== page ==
We rarely cook homemade Mexican food, and given how much we both like it, I’m not entirely sure why that is. Still, Wahaca’s chorizo and potato quesadilla was too good to bury in my memory until the next visit: I felt compelled to make it at home, and my partner happily pandered to my craving. We found that the recipe is very simple; the real challenge is striking the right balance between the ingredients in the filling. My first quesadilla tasted too bland, owing to a potato overload that smothered the taste of chorizo. I wanted more spice, more flavour – and luckily enough, I had a quick fix right at my fingertips.

Back at the restaurant, we had barely noticed the sauces on our table: our food already tasted great on its own. When it came to our homemade quesadilla, though, Wahaca’s Smoky Chipotle sauce came in very handy. Its flavour, a combination of smoky and spicy, gives a fiery twist to the delicate potato filling. Better still, it works a treat with a much wider range of dishes, beyond Mexican cuisine: I recommend mixing it with tomato passata, to spice up the classic seasoning for Italian meatballs. First of all, though, here’s my quesadilla recipe, with a few tweaks to correct my initial mistakes.

Wahaca Islington - Sauces

Chorizo and potato quesadilla

(makes 4)


  • 4 large tortilla wraps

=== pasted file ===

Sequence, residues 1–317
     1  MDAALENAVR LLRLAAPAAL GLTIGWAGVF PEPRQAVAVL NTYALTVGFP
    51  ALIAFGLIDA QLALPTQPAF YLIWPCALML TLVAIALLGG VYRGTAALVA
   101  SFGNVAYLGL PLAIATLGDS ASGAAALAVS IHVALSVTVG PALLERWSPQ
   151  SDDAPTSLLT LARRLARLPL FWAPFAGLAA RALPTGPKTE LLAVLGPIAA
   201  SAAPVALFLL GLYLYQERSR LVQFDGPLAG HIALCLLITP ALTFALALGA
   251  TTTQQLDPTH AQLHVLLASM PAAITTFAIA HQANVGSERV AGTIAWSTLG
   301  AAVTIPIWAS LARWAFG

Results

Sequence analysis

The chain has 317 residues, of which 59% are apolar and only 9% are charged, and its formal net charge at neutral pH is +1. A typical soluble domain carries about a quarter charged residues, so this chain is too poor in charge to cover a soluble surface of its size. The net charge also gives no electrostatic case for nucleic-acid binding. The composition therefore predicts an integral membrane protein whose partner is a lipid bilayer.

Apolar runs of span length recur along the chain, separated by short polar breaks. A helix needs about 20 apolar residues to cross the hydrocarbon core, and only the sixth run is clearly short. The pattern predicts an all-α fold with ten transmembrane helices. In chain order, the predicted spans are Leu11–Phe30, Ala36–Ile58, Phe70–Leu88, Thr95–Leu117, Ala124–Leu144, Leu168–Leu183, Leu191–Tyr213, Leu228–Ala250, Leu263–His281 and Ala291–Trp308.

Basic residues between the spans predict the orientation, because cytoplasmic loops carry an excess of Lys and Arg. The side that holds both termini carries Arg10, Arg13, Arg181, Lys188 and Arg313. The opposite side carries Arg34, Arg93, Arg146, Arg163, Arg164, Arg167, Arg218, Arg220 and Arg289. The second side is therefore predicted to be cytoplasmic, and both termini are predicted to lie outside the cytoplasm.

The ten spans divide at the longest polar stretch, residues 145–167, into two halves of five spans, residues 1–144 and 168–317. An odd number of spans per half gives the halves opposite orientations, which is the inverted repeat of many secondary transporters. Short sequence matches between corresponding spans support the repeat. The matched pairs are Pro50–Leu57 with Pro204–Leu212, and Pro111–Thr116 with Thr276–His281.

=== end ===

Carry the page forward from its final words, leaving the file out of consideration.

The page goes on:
• 300g white potatoes (I used 450g, which felt like too much)
  • 150g smoked chorizo, diced or sliced
  • 150g mozzarella, diced
  • Thyme, salt and pepper, to your taste
  • A helping of Wahaca’s Smoky Chipotle sauce (on the side)

Chorizo and Potato Quesadilla


  • Cook the potatoes in boiling water, skin on, until soft (around 45 minutes – 1 hour)
  • Drain the potatoes, peel the skin away, and mash them slightly with a fork or potato masher.
  • Season with thyme, salt and pepper, and mix well.
    Cook’s tip: If the mixture is too firm, and you find it hard to work it, add one tablespoon of oil.
  • Spread one quarter of the potato mixture on one half of a tortilla, then top with one quarter of the chorizo and mozzarella.
    Cook’s tip: Cook the chorizo in a non-stick pan for for a few minutes before adding it in, to bring out its flavour. If you want to speed up the process, feel free to skip this step.
  • Fold each tortilla in two, covering the garnished half with the “empty” half.
  • Repeat the previous two steps with the other wraps.
  • Cook each quesadillas in a non-stick pan or grill pan, on medium heat. Depending on the size of your pan, you may be able to fit two tortillas at a time.
  • Turn every 3 – 4 minutes. Cook until your quesadilla is golden on both sides, and the cheese has melted.
  • Serve with Wahaca’s Smoky Chipotle sauce as a dip, to enhance the flavour of your quesadillas.

Chorizo and Potato Quesadilla

Wahaca Islington
68 – 69 Upper Street
London, N1 0NY
(nearest tube station: Angel)
Open 12pm – 11pm Monday to Friday, 11am – 11pm Saturdays, 11am – 10.30pm Sundays
020 3697 7990
Square Meal

Note: I was invited to dine at Wahaca Islington as a guest, and received a sample of Wahaca’s chilli sauces to review. All opinions are my own.